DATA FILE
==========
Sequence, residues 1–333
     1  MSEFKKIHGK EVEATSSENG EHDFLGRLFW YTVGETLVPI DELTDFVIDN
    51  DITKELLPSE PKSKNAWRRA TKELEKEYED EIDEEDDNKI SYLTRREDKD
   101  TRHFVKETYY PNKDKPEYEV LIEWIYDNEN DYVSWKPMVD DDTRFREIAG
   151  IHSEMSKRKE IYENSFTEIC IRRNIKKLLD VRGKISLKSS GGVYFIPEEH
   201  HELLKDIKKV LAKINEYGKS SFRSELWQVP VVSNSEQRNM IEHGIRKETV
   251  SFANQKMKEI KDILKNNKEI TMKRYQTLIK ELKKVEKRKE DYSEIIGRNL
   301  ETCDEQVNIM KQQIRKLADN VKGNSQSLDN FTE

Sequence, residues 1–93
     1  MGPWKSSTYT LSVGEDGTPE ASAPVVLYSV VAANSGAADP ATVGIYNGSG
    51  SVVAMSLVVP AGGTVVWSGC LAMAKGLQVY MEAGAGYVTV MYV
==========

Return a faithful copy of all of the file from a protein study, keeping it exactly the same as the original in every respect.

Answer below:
Sequence, residues 1–333
     1  MSEFKKIHGK EVEATSSENG EHDFLGRLFW YTVGETLVPI DELTDFVIDN
    51  DITKELLPSE PKSKNAWRRA TKELEKEYED EIDEEDDNKI SYLTRREDKD
   101  TRHFVKETYY PNKDKPEYEV LIEWIYDNEN DYVSWKPMVD DDTRFREIAG
   151  IHSEMSKRKE IYENSFTEIC IRRNIKKLLD VRGKISLKSS GGVYFIPEEH
   201  HELLKDIKKV LAKINEYGKS SFRSELWQVP VVSNSEQRNM IEHGIRKETV
   251  SFANQKMKEI KDILKNNKEI TMKRYQTLIK ELKKVEKRKE DYSEIIGRNL
   301  ETCDEQVNIM KQQIRKLADN VKGNSQSLDN FTE

Sequence, residues 1–93
     1  MGPWKSSTYT LSVGEDGTPE ASAPVVLYSV VAANSGAADP ATVGIYNGSG
    51  SVVAMSLVVP AGGTVVWSGC LAMAKGLQVY MEAGAGYVTV MYV